2001 budget passed
The leaders of the country's two principal parties were jubilant on Tuesday evening as the Lower House of the Czech parliament passed the country's budget for next year.
The budget was passed smoothly as members of parliament for the ruling Social Democrats and the main opposition Civic Democrats endorsed the government draft. The two parties have a comfortable majority in the House and are mutually bound by a tolerance pact.
The budget deficit is estimated at just under 49 billion crowns.
Leading candidates for European Union membership have broadly accepted an EU game-plan for admitting them into the bloc.
The plan, aimed at getting the EU ready to admit its first new members from 2003, was agreed by EU foreign ministers on Monday and will be presented to the candidates on Thursday, the first day of the EU summit in Nice.
The Czech Republic's chief negotiator in the membership talks, Pavel Telicka, described the plan in Brussels as a solid bases for the EU's first expansion.
He said, however, that that the EU countries should follow up the plan with concrete steps in membership negotiations.
The state-run Czech utility CEZ has received a green light to build a new repository for radioactive waste at the Dukovany nuclear power station.
The repository, scheduled to open in 2006, will be designed to hold spent fuel rods and other waste from the plant located near the South Moravian town of Trebic.
Earlier this year, the environment ministry rejected CEZ's plan to build a large central waste storage facility for spent fuel from Dukovany, which has been in operation for 15 years, and the Temelin plant, which sparked a diplomatic row between the Czech Republic and Austria after its launch in October.
The athletic world is paying its last respects today to the Czech running legend Emil Zatopek, who died in Prague late last month at the age of 78.
Tributes to the four-time Olympic medallist is being paid in Prague's National Theatre by a number of athletes, public figures and friends, including IOC President Juan Antonio Samaranch, the International Amateur Athletics Federation's chief Lamine Diack, the Czech Prime Minister Milos Zeman, and the First Lady, Dagmar Havlova.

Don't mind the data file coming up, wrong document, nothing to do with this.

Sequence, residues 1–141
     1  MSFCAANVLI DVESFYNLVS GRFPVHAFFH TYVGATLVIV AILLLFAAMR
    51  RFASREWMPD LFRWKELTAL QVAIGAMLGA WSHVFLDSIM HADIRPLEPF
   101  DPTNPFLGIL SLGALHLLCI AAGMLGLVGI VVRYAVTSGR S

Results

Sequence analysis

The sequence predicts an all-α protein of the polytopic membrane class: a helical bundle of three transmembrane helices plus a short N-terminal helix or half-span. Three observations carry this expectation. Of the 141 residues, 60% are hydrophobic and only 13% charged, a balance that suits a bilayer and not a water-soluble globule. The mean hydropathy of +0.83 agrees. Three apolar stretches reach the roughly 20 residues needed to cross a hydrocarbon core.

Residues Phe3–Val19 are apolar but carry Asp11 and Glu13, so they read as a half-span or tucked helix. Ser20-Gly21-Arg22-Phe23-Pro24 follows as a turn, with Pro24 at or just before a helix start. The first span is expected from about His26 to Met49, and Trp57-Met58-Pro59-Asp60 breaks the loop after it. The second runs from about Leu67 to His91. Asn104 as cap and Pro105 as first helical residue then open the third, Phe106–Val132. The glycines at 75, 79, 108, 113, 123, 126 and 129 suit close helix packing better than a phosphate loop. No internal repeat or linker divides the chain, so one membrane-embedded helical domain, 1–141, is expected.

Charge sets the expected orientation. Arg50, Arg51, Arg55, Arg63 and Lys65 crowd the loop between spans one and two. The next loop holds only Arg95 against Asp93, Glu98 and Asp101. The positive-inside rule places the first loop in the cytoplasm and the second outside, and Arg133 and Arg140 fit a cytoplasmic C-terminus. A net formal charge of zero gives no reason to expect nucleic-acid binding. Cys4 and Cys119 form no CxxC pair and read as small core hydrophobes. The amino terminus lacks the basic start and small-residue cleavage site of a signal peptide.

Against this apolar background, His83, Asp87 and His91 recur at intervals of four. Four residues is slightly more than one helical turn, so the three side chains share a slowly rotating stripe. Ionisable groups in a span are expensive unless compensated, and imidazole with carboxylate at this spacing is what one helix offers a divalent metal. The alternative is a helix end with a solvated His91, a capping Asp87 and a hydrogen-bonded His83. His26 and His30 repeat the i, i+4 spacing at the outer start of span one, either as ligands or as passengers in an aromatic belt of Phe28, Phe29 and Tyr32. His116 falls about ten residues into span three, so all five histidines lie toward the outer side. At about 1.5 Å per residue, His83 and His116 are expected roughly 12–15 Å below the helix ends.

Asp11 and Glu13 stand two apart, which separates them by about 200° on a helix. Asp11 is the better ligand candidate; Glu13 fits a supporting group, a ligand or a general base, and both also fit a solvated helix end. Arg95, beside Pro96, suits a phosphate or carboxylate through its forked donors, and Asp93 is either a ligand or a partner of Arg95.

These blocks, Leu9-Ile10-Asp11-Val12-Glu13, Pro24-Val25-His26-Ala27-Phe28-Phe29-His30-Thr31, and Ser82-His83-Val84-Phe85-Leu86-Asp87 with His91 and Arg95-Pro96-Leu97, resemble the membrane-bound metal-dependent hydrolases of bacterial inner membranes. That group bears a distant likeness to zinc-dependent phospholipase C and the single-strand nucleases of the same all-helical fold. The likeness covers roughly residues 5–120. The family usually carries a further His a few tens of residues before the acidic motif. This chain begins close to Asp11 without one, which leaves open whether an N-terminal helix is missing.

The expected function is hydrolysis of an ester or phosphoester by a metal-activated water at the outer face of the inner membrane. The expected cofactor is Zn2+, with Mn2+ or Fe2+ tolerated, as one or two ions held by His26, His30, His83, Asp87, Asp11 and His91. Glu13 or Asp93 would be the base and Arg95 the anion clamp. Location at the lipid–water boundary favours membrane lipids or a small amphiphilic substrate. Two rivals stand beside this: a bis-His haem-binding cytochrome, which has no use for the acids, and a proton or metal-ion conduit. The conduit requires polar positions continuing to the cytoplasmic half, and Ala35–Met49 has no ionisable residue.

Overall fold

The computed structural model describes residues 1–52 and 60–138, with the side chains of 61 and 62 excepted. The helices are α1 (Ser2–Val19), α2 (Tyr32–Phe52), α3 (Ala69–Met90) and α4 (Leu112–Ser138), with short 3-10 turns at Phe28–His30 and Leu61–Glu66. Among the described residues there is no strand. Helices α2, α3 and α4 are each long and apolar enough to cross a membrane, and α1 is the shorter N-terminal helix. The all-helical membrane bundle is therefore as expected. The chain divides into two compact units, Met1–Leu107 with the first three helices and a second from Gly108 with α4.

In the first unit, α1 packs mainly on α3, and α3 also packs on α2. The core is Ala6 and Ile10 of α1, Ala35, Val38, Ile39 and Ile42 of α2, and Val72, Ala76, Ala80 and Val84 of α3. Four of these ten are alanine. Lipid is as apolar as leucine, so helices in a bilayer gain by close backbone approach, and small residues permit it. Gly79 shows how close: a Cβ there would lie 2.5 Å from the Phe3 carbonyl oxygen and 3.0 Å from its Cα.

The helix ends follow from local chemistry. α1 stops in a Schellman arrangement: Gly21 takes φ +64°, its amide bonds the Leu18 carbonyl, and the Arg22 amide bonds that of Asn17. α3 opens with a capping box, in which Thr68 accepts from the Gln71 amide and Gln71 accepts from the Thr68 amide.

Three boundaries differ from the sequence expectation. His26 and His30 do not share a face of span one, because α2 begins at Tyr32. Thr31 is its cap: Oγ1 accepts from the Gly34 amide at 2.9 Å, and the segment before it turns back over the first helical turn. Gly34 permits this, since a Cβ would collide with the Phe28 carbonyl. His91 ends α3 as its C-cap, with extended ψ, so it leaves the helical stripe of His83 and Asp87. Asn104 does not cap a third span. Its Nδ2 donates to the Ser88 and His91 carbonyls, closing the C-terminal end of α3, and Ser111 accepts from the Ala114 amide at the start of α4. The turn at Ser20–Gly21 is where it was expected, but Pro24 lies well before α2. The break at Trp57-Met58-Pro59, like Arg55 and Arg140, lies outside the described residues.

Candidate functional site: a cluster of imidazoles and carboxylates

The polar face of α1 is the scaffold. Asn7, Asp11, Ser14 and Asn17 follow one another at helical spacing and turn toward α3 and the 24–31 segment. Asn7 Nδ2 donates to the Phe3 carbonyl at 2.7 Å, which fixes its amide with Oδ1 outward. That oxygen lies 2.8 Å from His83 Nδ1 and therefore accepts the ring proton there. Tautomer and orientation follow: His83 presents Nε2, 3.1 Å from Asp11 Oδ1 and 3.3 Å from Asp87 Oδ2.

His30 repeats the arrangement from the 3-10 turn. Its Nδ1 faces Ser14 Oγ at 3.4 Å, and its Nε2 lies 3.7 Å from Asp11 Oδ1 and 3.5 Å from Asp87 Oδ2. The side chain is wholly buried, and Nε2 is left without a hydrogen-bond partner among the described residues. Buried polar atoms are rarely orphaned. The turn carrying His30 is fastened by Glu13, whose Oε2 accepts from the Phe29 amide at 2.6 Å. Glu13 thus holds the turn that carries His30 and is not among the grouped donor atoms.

Emil Zatopek has been posthumously awarded the Pierre de Coubertin Medal, the highest distinction of the International Olympic Movement.
The Czech engineering giant Skoda Holding has signed a letter of intent on more than one billion U.S. dollars' worth of supplies to the Russian Ministry of Transport and Communications.
Skoda Holding's General Manager Martin Roman told the CTK news agency that the planned deal was the biggest-ever export contract in the history of the Czech Republic.
Both sides have agreed to set up a joint venture in the Russian city of Yaroslavl, including a repair and maintenance plant for Czech railway locomotives supplied to Russia in the past years.
Tennis -- and Czech Petr Korda, who was banned for a year in 1998 following a positive drug test, officially retired from the ATP tour on Tuesday after losing to Slovakia's Martin Hromec 6-4 3-6 6-7 in his comeback ATP Challenger event in Prague.
Mr Korda, the 1998 Australian Open champion who briefly ranked as high as number two in the world, was found to have used the banned substance nandrolone at the Wimbledon championships two years ago.
And finally, a look at the weather in the Czech Republic. On Tuesday, we expect an intrusion of warmer southern air into Central Europe. Early morning lows will be between minus one and plus three degrees, and daytime highs between four and eight degrees Celsius. We also expect scattered showers later in the day. The smog alert called in Prague on Monday has been called off.
On Thursday and Friday, the warmer air will continue to pour into the Czech Republic from Southern Europe, brining along morning fogs, low skies, and scattered showers with some drizzle in the morning. The lowest morning temperatures will be between minus one and plus three degrees Celsius, daytime highs between four and eight degrees above freezing.
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